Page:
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Huge ocean cleanup device is finally collecting plastic

14 October 2019

A floating contraption designed to remove waste from the sea has successfully picked up plastic from a large island of rubbish in the Pacific Ocean for the first time.

The creator of the Ocean Cleanup project, 25-year-old Dutch inventor and engineer Boyan Slat, announced on Twitter that the 600 metre-long free-floating boom had captured and retained larger pieces of debris and small microplastics from ‘the Great Pacific Garbage Patch’, which is about three times the size of France.

Every year, about eight million tonnes of plastic waste flows into the oceans from beaches around the world. Ocean currents pull the rubbish together into these enormous islands of floating debris.

The plastic barrier device floating on the surface of the sea has a three metre-deep (10ft) screen below it, which is intended to trap some of the 1.8tn pieces of plastic without disturbing the marine life below.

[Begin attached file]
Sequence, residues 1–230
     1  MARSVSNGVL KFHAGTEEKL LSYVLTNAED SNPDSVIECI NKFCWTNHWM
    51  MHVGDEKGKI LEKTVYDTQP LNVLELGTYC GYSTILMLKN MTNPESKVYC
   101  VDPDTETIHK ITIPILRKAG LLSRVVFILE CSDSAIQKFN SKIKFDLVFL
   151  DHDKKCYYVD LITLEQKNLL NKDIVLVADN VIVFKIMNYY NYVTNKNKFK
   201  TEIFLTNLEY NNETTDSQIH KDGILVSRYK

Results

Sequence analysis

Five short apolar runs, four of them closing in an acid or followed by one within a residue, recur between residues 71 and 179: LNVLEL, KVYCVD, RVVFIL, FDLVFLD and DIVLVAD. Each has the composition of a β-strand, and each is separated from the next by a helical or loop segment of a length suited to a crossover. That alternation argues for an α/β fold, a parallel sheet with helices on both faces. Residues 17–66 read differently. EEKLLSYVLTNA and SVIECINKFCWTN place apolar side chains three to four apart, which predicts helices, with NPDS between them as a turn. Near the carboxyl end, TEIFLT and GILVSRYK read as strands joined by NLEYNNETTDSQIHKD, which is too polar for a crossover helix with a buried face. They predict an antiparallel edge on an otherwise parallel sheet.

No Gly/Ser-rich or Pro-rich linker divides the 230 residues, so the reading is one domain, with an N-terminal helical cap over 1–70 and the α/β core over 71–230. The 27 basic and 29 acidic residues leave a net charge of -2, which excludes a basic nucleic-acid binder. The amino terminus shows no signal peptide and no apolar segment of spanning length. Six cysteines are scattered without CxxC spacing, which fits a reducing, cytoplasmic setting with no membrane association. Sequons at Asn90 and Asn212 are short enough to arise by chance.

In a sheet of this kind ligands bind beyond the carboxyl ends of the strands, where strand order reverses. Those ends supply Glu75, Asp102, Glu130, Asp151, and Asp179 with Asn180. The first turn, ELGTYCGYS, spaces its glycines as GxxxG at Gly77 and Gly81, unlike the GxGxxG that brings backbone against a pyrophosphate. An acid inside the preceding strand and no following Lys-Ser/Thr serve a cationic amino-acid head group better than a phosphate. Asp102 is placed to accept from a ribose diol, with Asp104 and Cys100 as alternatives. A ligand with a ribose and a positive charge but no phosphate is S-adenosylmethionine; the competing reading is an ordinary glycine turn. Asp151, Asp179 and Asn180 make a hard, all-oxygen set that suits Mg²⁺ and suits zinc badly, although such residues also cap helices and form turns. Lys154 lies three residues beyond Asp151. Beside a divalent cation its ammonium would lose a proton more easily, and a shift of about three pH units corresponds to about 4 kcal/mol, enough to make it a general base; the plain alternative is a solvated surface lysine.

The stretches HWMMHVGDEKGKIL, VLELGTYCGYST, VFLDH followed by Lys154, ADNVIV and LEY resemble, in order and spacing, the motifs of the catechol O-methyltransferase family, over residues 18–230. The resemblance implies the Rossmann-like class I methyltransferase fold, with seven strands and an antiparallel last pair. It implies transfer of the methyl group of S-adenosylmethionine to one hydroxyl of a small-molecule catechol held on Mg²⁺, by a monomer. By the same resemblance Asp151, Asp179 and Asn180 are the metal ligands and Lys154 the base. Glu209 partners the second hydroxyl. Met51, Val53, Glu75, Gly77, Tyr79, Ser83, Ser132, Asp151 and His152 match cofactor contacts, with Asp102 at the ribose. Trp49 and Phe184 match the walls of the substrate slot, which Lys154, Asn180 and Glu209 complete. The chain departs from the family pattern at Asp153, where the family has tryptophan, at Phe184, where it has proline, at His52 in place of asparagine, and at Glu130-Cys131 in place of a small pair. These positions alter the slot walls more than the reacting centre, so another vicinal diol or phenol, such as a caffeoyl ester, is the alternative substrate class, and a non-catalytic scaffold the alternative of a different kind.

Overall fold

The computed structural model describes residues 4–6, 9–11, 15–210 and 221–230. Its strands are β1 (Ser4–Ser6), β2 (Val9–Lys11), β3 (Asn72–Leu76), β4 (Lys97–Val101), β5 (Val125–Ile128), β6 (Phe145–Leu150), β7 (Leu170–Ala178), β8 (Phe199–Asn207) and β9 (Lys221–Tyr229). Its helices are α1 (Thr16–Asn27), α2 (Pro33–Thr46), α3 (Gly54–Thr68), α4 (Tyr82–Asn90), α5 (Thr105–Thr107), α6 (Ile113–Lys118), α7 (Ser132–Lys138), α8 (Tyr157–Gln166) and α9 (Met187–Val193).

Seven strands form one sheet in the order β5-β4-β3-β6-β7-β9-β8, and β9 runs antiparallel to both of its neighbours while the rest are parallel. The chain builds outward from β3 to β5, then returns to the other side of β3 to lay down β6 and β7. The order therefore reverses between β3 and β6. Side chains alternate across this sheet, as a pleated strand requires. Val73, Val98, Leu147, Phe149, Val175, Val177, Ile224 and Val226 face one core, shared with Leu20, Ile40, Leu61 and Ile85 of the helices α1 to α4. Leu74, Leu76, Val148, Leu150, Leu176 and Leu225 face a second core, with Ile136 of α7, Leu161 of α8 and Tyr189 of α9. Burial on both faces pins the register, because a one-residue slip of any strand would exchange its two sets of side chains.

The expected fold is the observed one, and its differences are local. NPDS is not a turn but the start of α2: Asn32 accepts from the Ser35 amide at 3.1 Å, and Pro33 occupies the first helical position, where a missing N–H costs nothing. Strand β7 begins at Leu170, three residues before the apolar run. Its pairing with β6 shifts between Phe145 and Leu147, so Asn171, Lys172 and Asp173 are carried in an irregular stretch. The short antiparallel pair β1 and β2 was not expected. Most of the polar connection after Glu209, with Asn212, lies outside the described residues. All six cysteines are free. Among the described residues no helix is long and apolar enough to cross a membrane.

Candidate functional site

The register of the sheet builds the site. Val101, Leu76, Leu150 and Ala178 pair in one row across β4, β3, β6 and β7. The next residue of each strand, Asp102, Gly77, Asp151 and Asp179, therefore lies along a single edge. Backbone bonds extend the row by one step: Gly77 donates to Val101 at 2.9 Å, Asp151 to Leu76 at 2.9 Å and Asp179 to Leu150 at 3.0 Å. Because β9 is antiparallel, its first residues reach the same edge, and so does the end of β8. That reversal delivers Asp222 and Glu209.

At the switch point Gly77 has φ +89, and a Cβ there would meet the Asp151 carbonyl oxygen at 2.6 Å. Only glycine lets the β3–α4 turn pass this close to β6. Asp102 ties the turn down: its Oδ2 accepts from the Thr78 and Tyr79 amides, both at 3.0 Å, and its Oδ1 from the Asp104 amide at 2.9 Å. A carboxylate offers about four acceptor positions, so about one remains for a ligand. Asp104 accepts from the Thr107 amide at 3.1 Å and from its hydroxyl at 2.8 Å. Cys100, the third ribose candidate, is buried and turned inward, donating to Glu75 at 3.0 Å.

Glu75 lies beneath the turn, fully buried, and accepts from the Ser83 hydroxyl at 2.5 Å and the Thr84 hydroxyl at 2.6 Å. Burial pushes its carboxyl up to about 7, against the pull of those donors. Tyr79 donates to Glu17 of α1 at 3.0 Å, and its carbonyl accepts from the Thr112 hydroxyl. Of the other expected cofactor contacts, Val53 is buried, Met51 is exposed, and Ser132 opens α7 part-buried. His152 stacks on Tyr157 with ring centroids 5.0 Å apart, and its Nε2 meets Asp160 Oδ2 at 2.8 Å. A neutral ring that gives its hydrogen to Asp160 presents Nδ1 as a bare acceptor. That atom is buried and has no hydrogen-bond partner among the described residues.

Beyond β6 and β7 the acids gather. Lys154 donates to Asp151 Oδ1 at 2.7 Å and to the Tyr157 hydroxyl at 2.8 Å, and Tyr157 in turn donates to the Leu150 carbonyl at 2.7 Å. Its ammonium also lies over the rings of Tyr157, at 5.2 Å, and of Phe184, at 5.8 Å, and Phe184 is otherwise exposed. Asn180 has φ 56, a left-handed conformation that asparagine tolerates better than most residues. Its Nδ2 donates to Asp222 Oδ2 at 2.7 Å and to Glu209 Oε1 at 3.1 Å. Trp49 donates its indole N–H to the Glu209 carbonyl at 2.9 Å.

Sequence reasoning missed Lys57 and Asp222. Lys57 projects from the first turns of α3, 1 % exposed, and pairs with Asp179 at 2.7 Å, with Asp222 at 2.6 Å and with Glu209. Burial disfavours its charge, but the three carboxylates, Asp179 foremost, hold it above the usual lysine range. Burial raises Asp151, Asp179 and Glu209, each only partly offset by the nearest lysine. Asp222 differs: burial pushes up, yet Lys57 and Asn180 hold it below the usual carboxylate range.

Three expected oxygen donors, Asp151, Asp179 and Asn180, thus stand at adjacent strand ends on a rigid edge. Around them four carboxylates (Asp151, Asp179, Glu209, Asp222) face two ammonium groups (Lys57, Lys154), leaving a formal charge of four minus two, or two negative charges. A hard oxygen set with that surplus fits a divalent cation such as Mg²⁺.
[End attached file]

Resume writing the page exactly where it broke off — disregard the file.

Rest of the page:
The device is fitted with transmitters and sensors so it can communicate its position via satellites to a vessel that will collect the gathered rubbish every few months.

In a video statement Slat said: “We now have a self-contained system in the Great Pacific Garbage Patch that is using the natural forces of the ocean to passively catch and concentrate plastics … This now gives us sufficient confidence in the general concept to keep going on this project.”

The plastic gathered so far will be brought to shore in December for recycling. 

In a statement Slat said there remains “much more work to do” to reach the next stage in the plans.

This includes scaling up the device and making it more durable so it can retain plastic for up to a year or possibly longer before collection is necessary.

The project was started in 2013 and its design has undergone several major revisions. 

During a previous four-month trial the boom broke apart and no plastic was collected. Since then, changes have been made to the design including the addition of a “parachute anchor” to slow down the device’s movement in the ocean, allowing for faster-moving plastic debris to float into the system.

Photo: (Ocean Cleanup Foundation)